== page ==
Ending rape kit wait puts price on justice
By Harriet Ryan
(Court TV) -- The small white boxes, sealed in plastic by hospital technicians and labeled with a case number by detectives, can be found stacked in refrigerators in almost any police department or medical examiner's office in the country.
They are untested rape kits, and they contain semen, hairs, blood or other biological material left behind by a rapist. But in hundreds of thousands of instances, this DNA evidence is never analyzed by a forensic lab and remains in police basements and coroner's back rooms.
"These are not numbers, these are lives," said Debbie Smith, a Virginia woman whose rape kit languished for six years before being tested. "It's so unfair to put a victim through the evidence collection -- at best a very invasive process -- and then not to do anything with it."
The reason for this inaction is money. Lab analysis of the kits, which are gathered in emergency rooms soon after victims report a rape, can cost $1,000. According to the Department of Justice, an estimated 350,000 kits await testing around the country.
But last month, at the prodding of sexual assault victims' advocacy groups, President Bush proposed spending $1 billion during the next five years to eliminate the backlog and improve the way DNA is used to solve crimes. The issue already had support in Congress, where bipartisan groups in the House and Senate have proposed a bill named after Smith that provides $600 million for local testing and additional forensic training for law enforcement.
The focus on the kit backlog comes at a time when the rate of rapes is at its lowest in decades. But even with the falling crime rate, one in six American women have been victims of rape or attempted rape, and 84,000 rapes occurred in the United States in 2001 alone. To many victims, the existence of the kit represents hope in an eventual conviction.
"To me, that kit held my life. I couldn't go forward with my life until my case was solved and I knew that the best chance of solving my case was in that kit," said Smith.
Until recently in many areas, priority in testing kits was given to "suspect cases," or cases in which the police investigation focused on one person. In those cases, investigators asked lab technicians to compare the DNA in the rape kit with the genetic profile of the suspect. Departments saw little reason to test rape kits of "non-suspect" rapes because there was no alleged assailant to match to the DNA in the kit.
That changed with the advent of state DNA databases, as well as CODIS, the national computer database of convict DNA. Now, labs can determine the rapist's DNA from the kit and then run that profile through CODIS to see if it matches any of the 1.4 million offenders in the database. DNA from rape kits alone can also reveal the existence of a serial rapist even if his identity remains a mystery.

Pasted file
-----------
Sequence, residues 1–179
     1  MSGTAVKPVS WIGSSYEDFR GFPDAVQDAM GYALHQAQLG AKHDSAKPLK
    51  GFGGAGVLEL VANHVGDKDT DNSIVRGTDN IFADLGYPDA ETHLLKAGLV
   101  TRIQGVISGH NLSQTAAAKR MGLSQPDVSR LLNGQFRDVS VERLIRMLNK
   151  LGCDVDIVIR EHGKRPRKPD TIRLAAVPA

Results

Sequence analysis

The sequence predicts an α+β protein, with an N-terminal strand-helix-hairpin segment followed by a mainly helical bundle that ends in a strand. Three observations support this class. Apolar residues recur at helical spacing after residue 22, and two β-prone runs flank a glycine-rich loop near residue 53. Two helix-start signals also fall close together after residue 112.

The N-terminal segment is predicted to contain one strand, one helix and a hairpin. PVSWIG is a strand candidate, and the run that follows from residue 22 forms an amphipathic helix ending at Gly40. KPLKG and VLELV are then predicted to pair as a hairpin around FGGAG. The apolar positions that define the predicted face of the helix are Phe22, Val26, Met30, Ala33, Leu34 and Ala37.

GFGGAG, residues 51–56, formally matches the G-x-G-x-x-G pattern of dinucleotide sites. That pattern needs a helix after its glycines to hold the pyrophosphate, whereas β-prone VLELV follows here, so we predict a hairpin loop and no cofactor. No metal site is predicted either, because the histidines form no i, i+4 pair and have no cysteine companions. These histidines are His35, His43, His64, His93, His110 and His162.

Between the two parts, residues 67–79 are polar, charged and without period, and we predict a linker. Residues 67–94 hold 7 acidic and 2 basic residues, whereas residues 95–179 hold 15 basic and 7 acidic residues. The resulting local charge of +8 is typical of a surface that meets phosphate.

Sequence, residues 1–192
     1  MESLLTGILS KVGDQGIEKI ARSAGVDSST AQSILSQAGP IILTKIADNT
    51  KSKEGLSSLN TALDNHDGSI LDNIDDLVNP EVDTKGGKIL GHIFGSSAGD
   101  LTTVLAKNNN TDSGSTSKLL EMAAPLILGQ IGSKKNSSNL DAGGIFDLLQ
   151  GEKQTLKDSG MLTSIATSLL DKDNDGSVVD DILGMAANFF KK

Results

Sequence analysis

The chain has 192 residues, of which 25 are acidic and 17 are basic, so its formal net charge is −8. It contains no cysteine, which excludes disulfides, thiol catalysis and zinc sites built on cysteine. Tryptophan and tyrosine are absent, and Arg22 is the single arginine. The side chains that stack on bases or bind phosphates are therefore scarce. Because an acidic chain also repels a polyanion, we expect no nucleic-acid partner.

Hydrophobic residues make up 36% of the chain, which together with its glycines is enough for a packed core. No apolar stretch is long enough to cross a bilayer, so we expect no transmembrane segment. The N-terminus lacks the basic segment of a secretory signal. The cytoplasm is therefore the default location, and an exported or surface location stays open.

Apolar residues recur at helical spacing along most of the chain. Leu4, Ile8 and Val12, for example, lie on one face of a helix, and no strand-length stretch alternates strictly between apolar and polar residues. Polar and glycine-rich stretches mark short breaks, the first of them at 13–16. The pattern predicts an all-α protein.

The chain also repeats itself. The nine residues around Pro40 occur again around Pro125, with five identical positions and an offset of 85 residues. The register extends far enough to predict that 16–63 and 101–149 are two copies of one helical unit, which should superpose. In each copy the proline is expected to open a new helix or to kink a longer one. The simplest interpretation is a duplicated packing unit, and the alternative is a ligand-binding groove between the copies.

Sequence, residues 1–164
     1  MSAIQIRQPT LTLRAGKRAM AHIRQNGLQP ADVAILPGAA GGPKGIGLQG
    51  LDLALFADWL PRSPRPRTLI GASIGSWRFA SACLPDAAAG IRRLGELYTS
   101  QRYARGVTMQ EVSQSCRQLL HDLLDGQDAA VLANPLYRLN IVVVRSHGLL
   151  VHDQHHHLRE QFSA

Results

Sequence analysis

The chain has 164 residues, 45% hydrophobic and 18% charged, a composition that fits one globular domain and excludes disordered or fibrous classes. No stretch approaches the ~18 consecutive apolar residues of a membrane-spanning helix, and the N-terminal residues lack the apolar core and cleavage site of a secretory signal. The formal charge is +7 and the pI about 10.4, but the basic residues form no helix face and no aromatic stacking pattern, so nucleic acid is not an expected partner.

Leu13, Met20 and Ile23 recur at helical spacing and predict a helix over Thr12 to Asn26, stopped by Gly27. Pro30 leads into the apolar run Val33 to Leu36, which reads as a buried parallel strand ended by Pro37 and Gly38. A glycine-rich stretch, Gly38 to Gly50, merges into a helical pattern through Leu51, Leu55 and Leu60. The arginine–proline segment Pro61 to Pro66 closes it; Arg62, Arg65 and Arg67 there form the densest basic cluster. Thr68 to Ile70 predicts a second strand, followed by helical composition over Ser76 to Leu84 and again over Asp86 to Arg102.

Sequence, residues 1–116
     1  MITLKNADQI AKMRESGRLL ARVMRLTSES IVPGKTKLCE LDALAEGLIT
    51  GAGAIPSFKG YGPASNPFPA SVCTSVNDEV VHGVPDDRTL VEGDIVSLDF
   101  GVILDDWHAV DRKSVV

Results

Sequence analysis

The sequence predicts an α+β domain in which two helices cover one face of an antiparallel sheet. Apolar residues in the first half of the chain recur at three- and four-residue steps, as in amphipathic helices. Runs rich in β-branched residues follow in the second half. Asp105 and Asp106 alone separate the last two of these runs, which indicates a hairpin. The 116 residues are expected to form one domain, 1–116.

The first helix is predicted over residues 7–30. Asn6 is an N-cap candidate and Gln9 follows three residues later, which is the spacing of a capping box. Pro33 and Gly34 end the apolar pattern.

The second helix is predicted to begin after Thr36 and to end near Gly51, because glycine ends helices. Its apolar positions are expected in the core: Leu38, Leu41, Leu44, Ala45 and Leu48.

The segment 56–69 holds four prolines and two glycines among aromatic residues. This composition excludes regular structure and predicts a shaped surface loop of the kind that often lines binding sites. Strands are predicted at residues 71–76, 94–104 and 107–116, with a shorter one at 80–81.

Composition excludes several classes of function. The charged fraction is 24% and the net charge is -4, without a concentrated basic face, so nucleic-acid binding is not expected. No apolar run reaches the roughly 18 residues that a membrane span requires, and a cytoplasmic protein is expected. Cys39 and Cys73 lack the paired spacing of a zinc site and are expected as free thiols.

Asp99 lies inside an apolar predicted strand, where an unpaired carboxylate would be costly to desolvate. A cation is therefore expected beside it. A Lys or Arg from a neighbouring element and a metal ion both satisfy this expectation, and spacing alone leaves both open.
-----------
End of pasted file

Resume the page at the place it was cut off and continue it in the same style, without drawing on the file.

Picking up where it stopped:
In Smith's case, the man who raped her at her home in 1989 was a total stranger. He threatened to return and kill her if she went to authorities, but her police officer husband insisted she report the crime and have a rape kit done. But with no suspect, the kit became part of Virginia's backlog until 1995 when a forensic scientist at the state lab tested the kit and eventually matched it to the genetic profile of a convict serving time for an unrelated crime. He was later convicted in her rape.
"I was scared to death that whole time that he was going to come back and kill me. It was not if, but when he was going to do it," Smith said. "I lost six years of my life."
The president's billion-dollar proposal, introduced last month by Attorney General John Ashcroft, would also include money to test the estimated 500,000 to 1 million convicts whose DNA has not yet been added to CODIS.
New York City is one locality that has succeeded in reducing its testing backlog. In October 2000, the police department had more than 16,000 untested rape kits sitting in its Queens warehouse, each representing an unsolved rape. The city decided to reduce the backlog by spending $12 million to send the kits to outside contractors. Nearly two-thirds of the kits have been tested so far.
Ellen Borakove, spokeswoman for the city medical examiner, said the final batch of kits will be completed by this summer and returned to the city.
"We will check the results and then upload them to the database by the end of the year," Borakove said.
Already the new testing resulted in almost 1,000 DNA hits, 332 of which matched convicted felons not originally suspected in the crimes. One of those solved rapes was the 1996 sexual assault of a Brooklyn 16-year-old. Her assailant, an older man with a bandana over his face, tried to rob her outside her apartment, and when she said she had no cash or jewelry, he raped her.
Scientists testing the teen's rape kit this year matched the assailant's DNA to a convicted robber, and a judge sentenced him to 25 years to life.